Jesus’ death on the cross means that death and hell are defeated.  There are so many things that can cause death and hell in our lives – things that cause us to die spiritually, and in following Jesus to the cross we choose to reject these things and embrace the new life his suffering brings.  Knowingly feeding our anger and rage.  Cursing other drivers on the road.  Watching films, TV or reading magazines and books that leave images in our minds that keep us awake at night or damage our closest relationships.  Deliberately indulging in fantasies about things or people that do not belong to us.  Manipulating others so they do what we want.  None of us are going to be perfect, but over time we can learn to die to these poisonous things, and in doing so we will find spiritual new life.

Jesus died so that our sins might be forgiven.  At the cross the door was opened to grace – grace flowing like a river across a parched land.   This amazing love and grace means we are free to die to our own self-reliance.  The kind of pride that says ‘I can earn my way – I am good enough.’

And if Jesus’ death on the cross means that our sins can be forgiven, his death, funnily enough, means that other people’s sins can be forgiven.  If we are to follow him to the cross, this is another death we must die, and one that is particularly painful.  You see, choosing to forgive is a bit like choosing to die.  We die to our own resentment, our bitterness, our need for revenge and judgment.  We die to our rights to payback and our need for pity.  Reconciliation may be impossible and we might carry the wounds right through to death, but forgiveness is possible, and very painful.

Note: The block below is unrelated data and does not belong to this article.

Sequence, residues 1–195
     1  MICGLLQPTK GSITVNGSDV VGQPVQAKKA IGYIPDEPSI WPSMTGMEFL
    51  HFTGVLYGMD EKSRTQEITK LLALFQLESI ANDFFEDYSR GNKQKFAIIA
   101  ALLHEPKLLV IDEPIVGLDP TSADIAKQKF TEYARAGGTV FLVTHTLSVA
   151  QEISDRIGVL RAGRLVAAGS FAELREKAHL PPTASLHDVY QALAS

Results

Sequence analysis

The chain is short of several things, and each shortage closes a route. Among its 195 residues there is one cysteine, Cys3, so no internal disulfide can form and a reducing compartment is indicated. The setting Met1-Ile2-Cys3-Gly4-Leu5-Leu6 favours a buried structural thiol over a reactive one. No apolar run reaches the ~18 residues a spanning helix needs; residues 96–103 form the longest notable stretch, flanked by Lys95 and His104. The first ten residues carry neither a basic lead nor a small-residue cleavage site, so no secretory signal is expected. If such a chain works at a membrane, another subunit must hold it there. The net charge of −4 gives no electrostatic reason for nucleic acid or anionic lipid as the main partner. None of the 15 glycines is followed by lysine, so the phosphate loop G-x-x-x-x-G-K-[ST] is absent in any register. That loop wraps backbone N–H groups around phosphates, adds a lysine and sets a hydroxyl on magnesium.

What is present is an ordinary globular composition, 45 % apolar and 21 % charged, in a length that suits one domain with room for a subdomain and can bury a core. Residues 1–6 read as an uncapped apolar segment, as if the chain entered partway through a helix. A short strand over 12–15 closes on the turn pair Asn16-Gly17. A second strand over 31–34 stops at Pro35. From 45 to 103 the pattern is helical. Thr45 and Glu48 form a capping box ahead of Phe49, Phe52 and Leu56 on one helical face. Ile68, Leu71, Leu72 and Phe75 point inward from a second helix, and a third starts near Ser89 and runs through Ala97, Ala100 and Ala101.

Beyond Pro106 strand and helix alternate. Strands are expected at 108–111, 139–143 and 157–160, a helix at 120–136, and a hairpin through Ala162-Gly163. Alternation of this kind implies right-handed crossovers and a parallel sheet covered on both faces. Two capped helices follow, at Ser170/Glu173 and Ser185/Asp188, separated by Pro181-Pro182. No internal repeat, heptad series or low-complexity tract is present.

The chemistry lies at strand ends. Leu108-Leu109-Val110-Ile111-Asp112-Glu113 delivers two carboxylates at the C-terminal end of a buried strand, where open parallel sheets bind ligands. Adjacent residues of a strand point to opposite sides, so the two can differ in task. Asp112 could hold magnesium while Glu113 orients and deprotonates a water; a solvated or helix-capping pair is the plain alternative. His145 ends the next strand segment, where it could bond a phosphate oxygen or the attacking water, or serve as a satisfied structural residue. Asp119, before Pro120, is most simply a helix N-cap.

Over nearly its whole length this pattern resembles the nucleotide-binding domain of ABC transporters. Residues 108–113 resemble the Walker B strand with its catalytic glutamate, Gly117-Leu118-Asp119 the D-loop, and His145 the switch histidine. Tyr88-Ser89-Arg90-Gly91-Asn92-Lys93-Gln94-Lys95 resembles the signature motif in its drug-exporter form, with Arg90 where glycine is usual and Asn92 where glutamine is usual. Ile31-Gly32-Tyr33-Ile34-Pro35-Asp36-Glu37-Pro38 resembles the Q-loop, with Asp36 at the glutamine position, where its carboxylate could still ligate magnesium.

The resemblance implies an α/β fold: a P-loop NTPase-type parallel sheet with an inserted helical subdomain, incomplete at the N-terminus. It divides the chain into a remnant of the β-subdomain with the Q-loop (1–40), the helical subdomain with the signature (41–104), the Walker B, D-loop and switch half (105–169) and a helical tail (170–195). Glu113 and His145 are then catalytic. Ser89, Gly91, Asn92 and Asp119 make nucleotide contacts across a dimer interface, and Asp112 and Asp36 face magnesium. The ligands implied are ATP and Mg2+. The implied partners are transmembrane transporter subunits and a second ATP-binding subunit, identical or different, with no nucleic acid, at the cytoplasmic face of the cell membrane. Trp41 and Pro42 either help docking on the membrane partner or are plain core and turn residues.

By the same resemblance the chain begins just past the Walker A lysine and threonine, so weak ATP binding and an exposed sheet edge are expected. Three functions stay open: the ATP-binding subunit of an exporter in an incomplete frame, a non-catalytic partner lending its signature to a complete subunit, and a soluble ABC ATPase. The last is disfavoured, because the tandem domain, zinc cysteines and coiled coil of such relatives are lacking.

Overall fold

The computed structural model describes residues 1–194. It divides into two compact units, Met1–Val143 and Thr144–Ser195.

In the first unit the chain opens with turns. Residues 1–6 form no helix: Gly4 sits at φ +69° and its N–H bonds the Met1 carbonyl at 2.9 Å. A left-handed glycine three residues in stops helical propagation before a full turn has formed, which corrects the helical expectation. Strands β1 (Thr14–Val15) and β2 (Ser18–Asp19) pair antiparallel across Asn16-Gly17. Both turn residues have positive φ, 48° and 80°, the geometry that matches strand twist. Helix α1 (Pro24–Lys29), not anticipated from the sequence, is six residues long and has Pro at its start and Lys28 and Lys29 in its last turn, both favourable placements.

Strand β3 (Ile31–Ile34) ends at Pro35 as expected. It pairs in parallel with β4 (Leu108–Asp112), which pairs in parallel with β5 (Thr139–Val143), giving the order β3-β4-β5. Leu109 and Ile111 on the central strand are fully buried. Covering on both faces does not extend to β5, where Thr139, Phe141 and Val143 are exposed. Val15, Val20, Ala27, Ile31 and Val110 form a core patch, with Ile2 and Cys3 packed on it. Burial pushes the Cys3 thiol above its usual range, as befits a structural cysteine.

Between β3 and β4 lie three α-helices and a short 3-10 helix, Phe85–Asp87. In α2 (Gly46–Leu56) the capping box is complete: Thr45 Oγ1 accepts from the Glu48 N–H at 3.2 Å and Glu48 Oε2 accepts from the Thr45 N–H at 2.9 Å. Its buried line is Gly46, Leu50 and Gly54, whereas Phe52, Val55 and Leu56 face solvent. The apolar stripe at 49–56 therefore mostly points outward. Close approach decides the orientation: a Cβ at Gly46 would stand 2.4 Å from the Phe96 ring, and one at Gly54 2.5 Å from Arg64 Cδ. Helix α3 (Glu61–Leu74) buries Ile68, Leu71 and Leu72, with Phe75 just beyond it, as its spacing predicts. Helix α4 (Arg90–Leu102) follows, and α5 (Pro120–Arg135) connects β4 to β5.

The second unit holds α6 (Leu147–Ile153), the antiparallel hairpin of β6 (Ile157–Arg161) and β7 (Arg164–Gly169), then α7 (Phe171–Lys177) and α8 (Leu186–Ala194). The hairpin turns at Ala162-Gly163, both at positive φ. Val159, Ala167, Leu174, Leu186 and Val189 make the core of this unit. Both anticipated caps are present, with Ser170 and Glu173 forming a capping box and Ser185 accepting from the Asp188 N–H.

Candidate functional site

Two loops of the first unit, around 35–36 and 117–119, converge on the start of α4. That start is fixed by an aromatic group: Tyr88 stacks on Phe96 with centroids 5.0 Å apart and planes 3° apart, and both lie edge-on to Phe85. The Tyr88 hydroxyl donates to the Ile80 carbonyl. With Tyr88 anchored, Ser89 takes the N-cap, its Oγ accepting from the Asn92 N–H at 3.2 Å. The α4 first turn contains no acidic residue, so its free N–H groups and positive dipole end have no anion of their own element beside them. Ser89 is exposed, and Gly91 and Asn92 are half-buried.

So today the invitation is to follow Jesus along the painful road to the cross.  Each one of us is invited to be buried in the ground – to die once and for all to our own lordship over our lives and acknowledge him as Lord.  Some of us are invited to follow him to the cross in a big way – a vocational calling.  And all of us are called to be crucified in lots of little ways every minute of every day.  Like I always seem to do, I’ve made it sound so easy.  It really is not.  Jesus suffered unimaginable pain.  We too may suffer.  But each of these little deaths can open the way for freedom and grace from our own self-imposed prisons.